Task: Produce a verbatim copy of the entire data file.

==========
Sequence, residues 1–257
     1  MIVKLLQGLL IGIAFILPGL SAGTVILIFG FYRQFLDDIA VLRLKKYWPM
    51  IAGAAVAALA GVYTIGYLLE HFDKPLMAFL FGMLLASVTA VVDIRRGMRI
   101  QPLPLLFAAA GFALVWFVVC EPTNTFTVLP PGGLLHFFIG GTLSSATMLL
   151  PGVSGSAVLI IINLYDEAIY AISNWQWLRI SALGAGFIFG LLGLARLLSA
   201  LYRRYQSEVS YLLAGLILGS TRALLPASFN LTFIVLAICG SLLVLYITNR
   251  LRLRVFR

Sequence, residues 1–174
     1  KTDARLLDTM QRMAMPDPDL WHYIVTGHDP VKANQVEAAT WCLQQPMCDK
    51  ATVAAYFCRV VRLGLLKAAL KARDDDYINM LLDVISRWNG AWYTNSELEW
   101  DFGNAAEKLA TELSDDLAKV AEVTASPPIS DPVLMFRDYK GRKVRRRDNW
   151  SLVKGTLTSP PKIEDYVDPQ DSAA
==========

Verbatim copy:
Sequence, residues 1–257
     1  MIVKLLQGLL IGIAFILPGL SAGTVILIFG FYRQFLDDIA VLRLKKYWPM
    51  IAGAAVAALA GVYTIGYLLE HFDKPLMAFL FGMLLASVTA VVDIRRGMRI
   101  QPLPLLFAAA GFALVWFVVC EPTNTFTVLP PGGLLHFFIG GTLSSATMLL
   151  PGVSGSAVLI IINLYDEAIY AISNWQWLRI SALGAGFIFG LLGLARLLSA
   201  LYRRYQSEVS YLLAGLILGS TRALLPASFN LTFIVLAICG SLLVLYITNR
   251  LRLRVFR

Sequence, residues 1–174
     1  KTDARLLDTM QRMAMPDPDL WHYIVTGHDP VKANQVEAAT WCLQQPMCDK
    51  ATVAAYFCRV VRLGLLKAAL KARDDDYINM LLDVISRWNG AWYTNSELEW
   101  DFGNAAEKLA TELSDDLAKV AEVTASPPIS DPVLMFRDYK GRKVRRRDNW
   151  SLVKGTLTSP PKIEDYVDPQ DSAA